investments. This is the reason you have not felt your feet in your

shoes until just now, there was no reason to. In a very real sense, we

are controlled by our investments in that it is in our investments that

we make or break our identities. Where we look then, what we listen to

is almost chosen for us (and yet somehow by us) as we are driven to

create an identity every moment based on the brain^?s incredible need to

efficiently respond to its perceptions. We take clues from family,

educators, role models, peers, and the media, among others. Television

was designed in such a way that it is easy for us to consult it for

quick answers about who we want to be, what appropriate behavior is, how

we want our society to view us, how we want to spend our time. This is

a critical aspect to TV^?s ability to impact us. It takes very little

energy for us to turn on the TV, it allows us to forget about the stress

in our own life, it does not require that we speak with anyone or have

to defend our ideals, it is optimistic in that it convinces us that we

can always be prettier, richer, better, and always more accepted by

others, only with the help of their products of course.

My intention in purposing this thesis of self-identification as the

basis of all communication is to show where the relationship between

perceiver and perceived truly lies, as this will show where

responsibility rests. I will demonstrate why TV is so appealing to our

impressionable nature, and why it is so potentially dangerous. I say

potentially because I will simultaneously argue that it is the perceiver

that ultimately must react to the message, and that although accountable

for her reaction, she is not necessarily in control. This idea that

humans are accountable for their perceptions while not being in control

of them may seem awkward or even conflicting, yet it is evidenced in

this theory of self. This theory is instrumental in illustrating the

process of perceiving, and thus the formation of values, because it

reflects how and why humans allow their mass media to affect them. It

is in the way in which we perceive an event, a commercial, or a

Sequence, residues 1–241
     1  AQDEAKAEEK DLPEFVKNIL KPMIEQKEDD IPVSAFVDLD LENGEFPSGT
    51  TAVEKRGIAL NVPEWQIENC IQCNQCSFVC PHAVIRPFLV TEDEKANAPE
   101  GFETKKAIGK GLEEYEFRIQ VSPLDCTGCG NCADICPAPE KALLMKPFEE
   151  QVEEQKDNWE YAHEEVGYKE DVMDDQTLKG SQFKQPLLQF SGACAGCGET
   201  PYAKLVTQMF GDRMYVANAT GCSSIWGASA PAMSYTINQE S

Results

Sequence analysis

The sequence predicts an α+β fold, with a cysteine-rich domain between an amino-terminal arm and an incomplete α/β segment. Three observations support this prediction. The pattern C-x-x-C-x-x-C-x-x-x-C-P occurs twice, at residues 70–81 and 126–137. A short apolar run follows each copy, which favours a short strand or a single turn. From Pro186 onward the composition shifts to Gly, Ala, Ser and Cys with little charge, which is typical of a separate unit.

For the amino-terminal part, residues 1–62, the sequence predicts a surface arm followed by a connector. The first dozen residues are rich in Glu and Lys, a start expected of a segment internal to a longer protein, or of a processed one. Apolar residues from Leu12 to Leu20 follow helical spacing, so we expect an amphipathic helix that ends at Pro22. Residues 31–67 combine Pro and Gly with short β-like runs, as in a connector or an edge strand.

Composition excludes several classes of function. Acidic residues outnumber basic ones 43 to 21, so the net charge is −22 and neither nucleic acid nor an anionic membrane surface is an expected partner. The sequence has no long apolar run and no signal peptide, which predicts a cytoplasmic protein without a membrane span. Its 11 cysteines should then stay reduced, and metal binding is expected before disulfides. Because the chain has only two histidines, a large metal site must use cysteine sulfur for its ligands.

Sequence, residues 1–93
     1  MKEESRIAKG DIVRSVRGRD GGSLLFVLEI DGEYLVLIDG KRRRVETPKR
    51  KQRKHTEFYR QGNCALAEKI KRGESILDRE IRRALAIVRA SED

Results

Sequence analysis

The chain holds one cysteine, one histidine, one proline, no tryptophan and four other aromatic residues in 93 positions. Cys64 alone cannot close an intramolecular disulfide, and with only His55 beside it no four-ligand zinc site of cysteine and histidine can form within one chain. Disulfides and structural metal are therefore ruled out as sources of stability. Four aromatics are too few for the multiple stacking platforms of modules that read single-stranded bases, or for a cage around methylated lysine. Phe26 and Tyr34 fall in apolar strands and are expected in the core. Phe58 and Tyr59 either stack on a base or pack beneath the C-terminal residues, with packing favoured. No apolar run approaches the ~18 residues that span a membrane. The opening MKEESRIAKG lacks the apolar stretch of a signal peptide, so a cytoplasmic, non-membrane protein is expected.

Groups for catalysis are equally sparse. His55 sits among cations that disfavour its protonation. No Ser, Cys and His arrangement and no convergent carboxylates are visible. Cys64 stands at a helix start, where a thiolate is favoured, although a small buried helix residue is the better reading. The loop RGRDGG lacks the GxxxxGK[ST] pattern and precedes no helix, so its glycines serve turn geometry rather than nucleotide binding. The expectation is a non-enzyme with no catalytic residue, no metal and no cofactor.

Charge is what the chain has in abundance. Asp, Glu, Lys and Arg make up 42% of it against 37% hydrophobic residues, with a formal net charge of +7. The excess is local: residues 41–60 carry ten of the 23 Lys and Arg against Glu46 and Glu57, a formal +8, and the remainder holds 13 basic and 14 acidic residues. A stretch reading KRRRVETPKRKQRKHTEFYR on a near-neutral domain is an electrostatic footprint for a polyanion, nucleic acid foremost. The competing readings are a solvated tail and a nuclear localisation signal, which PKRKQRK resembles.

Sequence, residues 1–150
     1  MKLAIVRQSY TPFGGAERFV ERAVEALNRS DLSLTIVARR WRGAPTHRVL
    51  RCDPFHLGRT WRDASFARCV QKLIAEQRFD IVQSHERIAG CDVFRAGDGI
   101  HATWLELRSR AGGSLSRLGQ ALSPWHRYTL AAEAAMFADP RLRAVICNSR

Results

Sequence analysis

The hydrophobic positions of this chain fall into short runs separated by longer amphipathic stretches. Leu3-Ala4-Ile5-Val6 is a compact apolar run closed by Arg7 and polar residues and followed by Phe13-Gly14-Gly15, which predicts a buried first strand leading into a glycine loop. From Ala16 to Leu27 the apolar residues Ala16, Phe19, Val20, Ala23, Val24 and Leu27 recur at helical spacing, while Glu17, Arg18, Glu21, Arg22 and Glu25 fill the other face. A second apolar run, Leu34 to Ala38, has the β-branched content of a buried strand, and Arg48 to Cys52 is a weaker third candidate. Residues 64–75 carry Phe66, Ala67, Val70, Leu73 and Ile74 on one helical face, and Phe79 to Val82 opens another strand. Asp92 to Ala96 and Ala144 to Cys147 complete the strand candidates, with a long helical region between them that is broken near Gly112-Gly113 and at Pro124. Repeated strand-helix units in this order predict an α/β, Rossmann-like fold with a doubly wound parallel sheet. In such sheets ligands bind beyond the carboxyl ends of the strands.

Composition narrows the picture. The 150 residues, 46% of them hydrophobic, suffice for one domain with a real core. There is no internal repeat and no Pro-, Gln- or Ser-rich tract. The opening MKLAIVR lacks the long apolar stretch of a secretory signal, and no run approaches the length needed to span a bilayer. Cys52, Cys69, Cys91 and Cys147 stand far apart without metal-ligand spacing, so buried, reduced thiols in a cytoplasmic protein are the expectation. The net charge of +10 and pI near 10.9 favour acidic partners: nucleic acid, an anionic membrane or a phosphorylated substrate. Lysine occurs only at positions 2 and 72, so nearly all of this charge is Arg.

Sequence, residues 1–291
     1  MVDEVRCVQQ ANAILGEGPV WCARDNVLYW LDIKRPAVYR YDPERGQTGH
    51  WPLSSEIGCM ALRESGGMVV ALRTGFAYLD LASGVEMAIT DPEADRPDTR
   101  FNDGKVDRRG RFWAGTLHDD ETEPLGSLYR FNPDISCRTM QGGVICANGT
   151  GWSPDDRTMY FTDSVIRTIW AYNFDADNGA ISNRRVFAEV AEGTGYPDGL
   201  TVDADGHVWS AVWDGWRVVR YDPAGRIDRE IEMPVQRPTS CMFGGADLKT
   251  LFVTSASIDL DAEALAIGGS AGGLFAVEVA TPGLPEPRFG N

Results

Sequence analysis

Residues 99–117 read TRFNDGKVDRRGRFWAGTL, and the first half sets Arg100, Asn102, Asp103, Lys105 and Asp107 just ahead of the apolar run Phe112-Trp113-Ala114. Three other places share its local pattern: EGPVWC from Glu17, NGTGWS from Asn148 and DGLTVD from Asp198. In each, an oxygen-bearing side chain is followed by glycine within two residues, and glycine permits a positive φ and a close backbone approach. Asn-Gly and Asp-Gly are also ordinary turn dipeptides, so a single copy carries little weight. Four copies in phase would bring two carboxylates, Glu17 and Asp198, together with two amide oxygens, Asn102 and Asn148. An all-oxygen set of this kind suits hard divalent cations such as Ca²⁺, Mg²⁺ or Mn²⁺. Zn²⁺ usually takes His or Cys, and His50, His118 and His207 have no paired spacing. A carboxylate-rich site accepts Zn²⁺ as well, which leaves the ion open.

conversation that determines what we think about it, and therefore

whether to invest energy in it. The real question is what determines

how we perceive, how much influence is taken, how much is forced?

Television is an authority in social values because we invest so heavily

in its messages. In other words, people have assigned to television the

role of educator, informant, and mentor through our reliance upon it for

clues. Commercials serve to tell us what products, attitudes, and

behaviors we need to be socially acceptable, and characters model the

lives that we ought to lead. Through these means television sculpts our

ideas of success, health, beauty, happiness, love, and morality, of

which these productions avow to be an authority. However, it must be

acknowledged that viewers are those that truly make TV an authority in

social relations and ideals. The producers simply live up to such


The initial step in television^?s ability to influence us is its capacity

to hold our attention in the first place, long enough to impact us and

leave a lasting impression. Television has long been a greater source

of entertainment than books or lasting conversations about life. We

turn to it and dedicate more time to watching than we do to any other

leisure activities. It is from these large proportions of invested time

that television derives its power as a primary influence. Furthermore,

the viewing of television is a ^?safe^? activity because we are not judged

as we view, no one knows what reaction we have to what we see is in the

privacy of our own mind; whereas with speaking we have to risk having

our ideas refuted.

The second step in television^?s success in influencing us is through its

array of programs, messages, and realities, which ensures that everyone

will find something that speaks to them and provides some sort of